During the break, Kevin walked over to me. I introduced myself and mentioned that I enjoy the show’s humor. To my surprise, Kevin said, “I knew who you are, what you’ve been part of, and I’ve followed your career.” He mentioned that he would like to get together with me sometime.
I met with him later, and we formed a small acoustic group consisting of Kevin, a talented girl named Anjl Rodee, and myself. We performed at a series of events and had a lot of fun. One night, Anjl could not join us, so Kevin and I performed as a duo at the Ale House in Milwaukee. During one of the breaks, Kevin introduced me to his long-time friend John Shiely and his son, Michael.
John Shiely was not only the CEO and President of Briggs and Stratton, he was also a fellow guitar player. We talked for a while, at which time John mentioned that when he was young, he followed the Destinations at the CYO dances. John hung around for a while, and left as we were performing the song “Temptation Eyes” acoustically. As John and his son left, he gave us a “thumbs up” gesture.
Later, I talked to a mutual friend, Dave Kennedy. I mentioned to him that I had met a great guy, John Shiely, the night before. Dave replied, “I always wanted to get the two of you guys together. Let’s start now.” And Dave gave me John’s phone number. I called John on the direct line right to his office at Briggs and Stratton. He answered. I said, “It’s me, Reed Kailing.” For the next couple of hours, I enjoyed one of the most exhilarating and informative conversations about music and life in general that I’d had in a long time.
Answer: Of course. Here is one of my favorites. The guys with me on stage are Chris Cerfus on keyboards and Matt Hazeltine on lead guitar, two of the best musicians I've ever worked with.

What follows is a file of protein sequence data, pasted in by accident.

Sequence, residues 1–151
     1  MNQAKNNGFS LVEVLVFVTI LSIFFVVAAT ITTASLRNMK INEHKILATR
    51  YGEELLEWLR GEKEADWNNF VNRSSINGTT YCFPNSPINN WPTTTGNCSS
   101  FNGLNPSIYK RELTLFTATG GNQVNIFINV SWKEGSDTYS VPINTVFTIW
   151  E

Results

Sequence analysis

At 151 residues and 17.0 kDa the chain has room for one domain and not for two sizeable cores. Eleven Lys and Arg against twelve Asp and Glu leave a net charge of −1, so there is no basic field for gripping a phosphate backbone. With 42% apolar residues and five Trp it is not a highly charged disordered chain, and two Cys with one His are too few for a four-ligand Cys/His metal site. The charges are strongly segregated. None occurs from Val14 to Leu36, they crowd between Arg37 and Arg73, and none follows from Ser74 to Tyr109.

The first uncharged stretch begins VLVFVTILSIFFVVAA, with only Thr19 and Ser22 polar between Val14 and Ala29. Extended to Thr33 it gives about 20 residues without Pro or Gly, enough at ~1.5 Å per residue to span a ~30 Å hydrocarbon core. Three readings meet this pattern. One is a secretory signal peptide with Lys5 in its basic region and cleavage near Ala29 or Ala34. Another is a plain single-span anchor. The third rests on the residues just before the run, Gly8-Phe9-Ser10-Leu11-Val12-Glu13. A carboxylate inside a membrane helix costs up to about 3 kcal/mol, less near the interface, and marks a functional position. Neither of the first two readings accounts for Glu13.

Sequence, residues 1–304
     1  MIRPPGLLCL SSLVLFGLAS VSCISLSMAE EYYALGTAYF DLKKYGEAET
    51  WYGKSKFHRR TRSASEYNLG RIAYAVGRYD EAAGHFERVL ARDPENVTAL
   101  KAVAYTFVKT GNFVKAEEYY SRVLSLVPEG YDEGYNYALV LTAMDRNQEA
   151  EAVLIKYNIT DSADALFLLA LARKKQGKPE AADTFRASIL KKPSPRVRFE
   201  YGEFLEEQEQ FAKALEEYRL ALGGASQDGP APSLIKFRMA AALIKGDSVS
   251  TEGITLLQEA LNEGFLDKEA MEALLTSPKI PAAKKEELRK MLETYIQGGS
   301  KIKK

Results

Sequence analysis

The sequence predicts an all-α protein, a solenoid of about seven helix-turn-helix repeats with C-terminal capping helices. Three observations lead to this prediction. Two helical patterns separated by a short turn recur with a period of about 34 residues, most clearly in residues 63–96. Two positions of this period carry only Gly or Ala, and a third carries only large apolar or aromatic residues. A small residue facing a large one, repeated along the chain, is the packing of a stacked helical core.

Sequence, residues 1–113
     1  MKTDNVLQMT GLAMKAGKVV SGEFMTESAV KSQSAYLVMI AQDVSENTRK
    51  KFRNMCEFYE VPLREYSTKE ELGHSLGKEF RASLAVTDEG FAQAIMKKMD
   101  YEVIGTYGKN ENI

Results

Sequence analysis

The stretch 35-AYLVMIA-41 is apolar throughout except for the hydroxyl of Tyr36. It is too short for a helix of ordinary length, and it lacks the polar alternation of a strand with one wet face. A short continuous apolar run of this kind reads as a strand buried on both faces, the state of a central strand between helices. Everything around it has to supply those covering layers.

Answer: Laying down tracks at a studio in Nashville is really no different than recording anywhere else. Nashville is just a unique environment with its own atmosphere and aura, so to speak. And Nashville has some great studio musicians. Other than that, there’s really no difference.
Answer: Without a doubt, the band I enjoyed performing with the most was Badfinger. It had all the energy of performing with a garage band. It was great. I loved the sound and the whole experience.
Answer: CD sales have been flat and falling. Today’s music fans refuse to spend $20 for a CD that contains one listenable song. Much of the music-listening audience, especially the age 50+ audience, is left cold. The concept for this website is to provide a live venue for bands for these audiences.
Working with Penny Kailing my wife, Paul Novotny a musician/songwriter and recording technician, Carlos Barragan IT Project Designer from Ten Consulting, and Rick Wozniak a marketing professional and university faculty member, I realized that I had an archive of unheard music that I composed earlier while working with other groups (such as the Grass Roots and Player) or co-composed with other artists (such as Don Johnson and KiKi Dee). These songs were either never used or never recorded as finished products. Until recently, most of them only existed in demo form.